Another brilliant performance for the Knights came from Fedoseev, who won all four games of the day to help his team smoothly win the title. His most impressive effort was in the final round against Women's World Champion GM Ju Wenjun, which is our Game of the Day, annotated by GM Dejan Bojkov below. 

Fedoseev was modest and generous in the post-game chat with Rensch and Hess, praising his teammates, especially Nakamura whom he called "the weapon which (can) destroy opponents by just being on the team!"

WIM Alua Nurmanova of Kazakhstan is a curious presence on the Knights team. With an Elo rating of 2118 in classical chess, she is far below the other members of her illustrious team in rating strength. She hadn't scored a win in the PCL for her team until the finals, only to produce her best result in the second round of the finals against Ju:

This effort from Nurmanova received high praise from the commentators:
All games | Finals

Results | Finals


Indian Yogis 10.5 - 5.5 Team MGD1

Indian Yogis won big with an identical margin of 3-1 score in the first, third, and fourth rounds, even while losing the second round by a 1.5-2.5 margin, to post a commanding final score of 10.5-5.5 to achieve third place.

This was actually the first match of the day, which was an all-Indian fight, with the curious subtext of two teams of players who should know each other much better than others in the league. The Yogis have been consistently changing their team lineup throughout the event, and they once again made two changes from their semifinals team, bringing back Nihal and Vidit for the playoff for the third and fourth places.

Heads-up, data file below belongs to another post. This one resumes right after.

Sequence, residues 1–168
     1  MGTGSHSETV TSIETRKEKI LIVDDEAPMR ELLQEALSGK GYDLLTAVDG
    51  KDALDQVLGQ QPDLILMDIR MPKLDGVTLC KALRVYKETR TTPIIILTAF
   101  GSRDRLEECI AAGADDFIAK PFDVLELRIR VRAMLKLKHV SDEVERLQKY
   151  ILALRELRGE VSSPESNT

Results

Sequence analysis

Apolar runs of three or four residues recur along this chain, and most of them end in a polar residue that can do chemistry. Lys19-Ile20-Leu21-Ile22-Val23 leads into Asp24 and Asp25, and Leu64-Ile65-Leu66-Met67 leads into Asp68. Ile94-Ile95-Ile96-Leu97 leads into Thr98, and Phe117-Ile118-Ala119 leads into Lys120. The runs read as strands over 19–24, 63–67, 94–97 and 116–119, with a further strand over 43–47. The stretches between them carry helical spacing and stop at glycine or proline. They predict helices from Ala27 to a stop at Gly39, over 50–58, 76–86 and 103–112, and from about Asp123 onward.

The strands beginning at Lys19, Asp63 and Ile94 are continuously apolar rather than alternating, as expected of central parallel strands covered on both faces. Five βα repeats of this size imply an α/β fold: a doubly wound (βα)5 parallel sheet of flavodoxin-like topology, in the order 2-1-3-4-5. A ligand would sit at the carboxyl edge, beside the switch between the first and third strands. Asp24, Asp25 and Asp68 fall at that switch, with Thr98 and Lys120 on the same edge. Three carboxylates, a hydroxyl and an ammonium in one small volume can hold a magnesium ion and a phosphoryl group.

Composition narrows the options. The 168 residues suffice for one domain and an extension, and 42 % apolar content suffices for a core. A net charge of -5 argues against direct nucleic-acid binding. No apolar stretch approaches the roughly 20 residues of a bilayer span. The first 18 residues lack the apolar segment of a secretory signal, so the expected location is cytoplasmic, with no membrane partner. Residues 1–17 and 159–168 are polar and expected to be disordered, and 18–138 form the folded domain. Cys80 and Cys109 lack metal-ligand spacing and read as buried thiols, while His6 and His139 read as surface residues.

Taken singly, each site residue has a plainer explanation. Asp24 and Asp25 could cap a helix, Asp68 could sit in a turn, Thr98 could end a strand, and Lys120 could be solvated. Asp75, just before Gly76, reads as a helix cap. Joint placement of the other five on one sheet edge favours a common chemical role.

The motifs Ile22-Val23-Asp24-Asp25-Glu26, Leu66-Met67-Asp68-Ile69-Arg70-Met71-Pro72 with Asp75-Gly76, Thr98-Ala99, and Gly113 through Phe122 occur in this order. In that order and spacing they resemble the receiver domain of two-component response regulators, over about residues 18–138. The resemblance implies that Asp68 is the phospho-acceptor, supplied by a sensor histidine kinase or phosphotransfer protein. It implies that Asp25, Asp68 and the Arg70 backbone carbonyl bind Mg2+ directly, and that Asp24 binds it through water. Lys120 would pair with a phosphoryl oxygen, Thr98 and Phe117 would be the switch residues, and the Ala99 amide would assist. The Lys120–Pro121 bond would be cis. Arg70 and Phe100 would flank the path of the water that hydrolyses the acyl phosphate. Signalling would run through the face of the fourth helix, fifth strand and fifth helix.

The commentators were impressed by Nihal's play throughout the day. Canty dubbed him as a "lesser version of Nakamura," whereas Sachdev praised his blitz prowess: "His best chess is played when there are 10 seconds on the clock. Anything more than that is a classical game for Nihal!"

Nihal himself has proclaimed having a liking for "playing simple positions, making quick moves here and there." Such a demonstration of play came in his game against GM Diptayan Ghosh, where Nihal showed excellent endgame technique:

It was once again "Vidit 2.0" who turned up to play, enjoying tactical positions and dynamism. Vidit's play was at its best when he defeated another heavyweight, GM Arjun Erigaisi:

Understandably, Vidit's play won him lots of praise from all around:

Once again, young Pranesh continued to impress, especially in the following game when he beat his strong opponent in a surprisingly one-sided game:


All Games | Playoff for 3rd-4th places

Results | Playoff for 3 - 4 placings

 Final Standings:

 MVP Winners

After the finals, a jury consisting of Hess, IM Kassa Korley, WIM Ayelen Martinez, and FM Anna-Maja Kazarian voted to elect the three best "Most Valuable Players" of PCL 2023 with these results:

The Pro Chess League (PCL) is the number-one online global chess league for teams from all over the world. The Playoffs featured eight teams playing rapid games for their piece of the $150,000 prize fund.

Eight teams competed in a single-elimination knockout. The time control was 10+2. The first team to score 8.5 points won the match.

Previous coverage: